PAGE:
Job seekers have a lot of networking resources at their disposal. Theoretically, it should be possible to either a) find connections that will introduce you to people to help with your job search or b) introduce yourself to those contacts via social media. Despite this access, sometimes a cold call is the only way to speak to important job search resources. Most people hate the thought of calling someone they donâ€™t know, but there are ways to prepare so you will be successful.
Here are seven tips to warm up your cold calls inspired via 100 Conversations for Career Success, the book I co-authored with Laura Labovich. (Learn more about how 100 Conversations for Career Success can help your job search.)
1. Always get the name of the person. Itâ€™s tough to try to get in touch with someone whose name you donâ€™t know. Trying to reach a company to speak to the â€œhiring managerâ€ for XYZ job probably wonâ€™t get you very far. Similarly, asking to speak to â€œthe person in charge of salesâ€ wonâ€™t inspire anyone to put you directly through.
2. Think about the best time to phone. Donâ€™t we all have friends (or maybe colleagues) who always call to ask for something at 4:45 on a Friday afternoon or first thing on Monday morning? No one really wants to hear from you at those times, especially someone who does not know you. Think about the best times to try to contact people you want to reach.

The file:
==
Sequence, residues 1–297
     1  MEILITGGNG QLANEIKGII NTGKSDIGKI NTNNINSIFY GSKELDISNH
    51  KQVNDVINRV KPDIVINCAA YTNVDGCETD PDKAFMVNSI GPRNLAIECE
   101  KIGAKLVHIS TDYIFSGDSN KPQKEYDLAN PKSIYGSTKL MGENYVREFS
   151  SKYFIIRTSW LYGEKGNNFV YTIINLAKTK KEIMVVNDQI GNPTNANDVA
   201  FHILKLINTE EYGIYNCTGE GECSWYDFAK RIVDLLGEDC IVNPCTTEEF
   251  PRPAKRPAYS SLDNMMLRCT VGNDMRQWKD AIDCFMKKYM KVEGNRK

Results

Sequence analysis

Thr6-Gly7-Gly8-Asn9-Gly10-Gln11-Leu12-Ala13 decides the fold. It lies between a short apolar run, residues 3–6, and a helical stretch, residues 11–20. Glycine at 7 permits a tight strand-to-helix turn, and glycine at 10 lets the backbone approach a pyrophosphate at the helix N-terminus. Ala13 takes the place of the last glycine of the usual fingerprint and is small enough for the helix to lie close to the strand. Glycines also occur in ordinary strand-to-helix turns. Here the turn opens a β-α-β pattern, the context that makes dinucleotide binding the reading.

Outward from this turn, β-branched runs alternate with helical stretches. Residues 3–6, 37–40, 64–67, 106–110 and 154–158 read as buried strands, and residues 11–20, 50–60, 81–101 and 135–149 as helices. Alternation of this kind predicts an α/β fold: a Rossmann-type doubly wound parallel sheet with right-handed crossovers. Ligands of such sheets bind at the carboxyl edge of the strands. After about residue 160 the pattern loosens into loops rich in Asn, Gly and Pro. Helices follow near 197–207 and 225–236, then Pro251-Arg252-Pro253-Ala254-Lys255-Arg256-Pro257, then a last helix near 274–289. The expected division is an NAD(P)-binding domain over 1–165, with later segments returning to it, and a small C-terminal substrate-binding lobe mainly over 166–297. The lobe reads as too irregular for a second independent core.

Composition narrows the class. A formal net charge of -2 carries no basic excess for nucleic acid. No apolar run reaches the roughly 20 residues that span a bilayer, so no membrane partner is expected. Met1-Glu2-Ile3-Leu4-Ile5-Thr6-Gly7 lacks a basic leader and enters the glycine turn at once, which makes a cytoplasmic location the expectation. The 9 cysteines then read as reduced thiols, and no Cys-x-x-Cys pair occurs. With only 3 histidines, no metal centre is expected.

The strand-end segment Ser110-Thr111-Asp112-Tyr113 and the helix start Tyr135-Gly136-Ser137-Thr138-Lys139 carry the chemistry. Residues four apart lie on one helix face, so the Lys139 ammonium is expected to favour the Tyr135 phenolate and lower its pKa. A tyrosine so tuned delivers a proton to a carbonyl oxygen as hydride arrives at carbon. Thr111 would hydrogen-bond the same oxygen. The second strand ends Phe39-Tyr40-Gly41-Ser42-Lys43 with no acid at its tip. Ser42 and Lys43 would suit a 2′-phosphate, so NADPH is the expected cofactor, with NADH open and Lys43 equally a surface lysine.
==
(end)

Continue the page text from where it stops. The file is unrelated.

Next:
3. Know what you offer. Why should this person want to talk to you? Can you help him solve a problem? Itâ€™s a good idea to uncover company pain points in advance and to make a list of what you know that might be useful to your contact.
4. Ditch the pleasantries. Do you really care about the weather? Neither does your cold call target. Be cheerful, but get to the point and make sure you donâ€™t lose your contactâ€™s attention before you have a chance to get started.
5. Become allies with the phone gatekeepers. Most executive assistants consider it part of their jobs to prevent unwanted calls from reaching their bosses. Some will go to great lengths to screen calls.
6. Prepare a toolkit. Isnâ€™t it always easier to do things when you have a cheat sheet? Since youâ€™ll be trying to connect on the phone, you have the opportunity to write notes and have them handy.
7. Follow up. Itâ€™s your job to follow up with your contact. In fact, itâ€™s always best to keep the follow up in your â€œcourt.â€
When you prepare for cold calls and take control of the situation, youâ€™ll feel better about your job search and have more opportunities to succeed with your networking.
Read the entire post on my U.S. News & World Report column.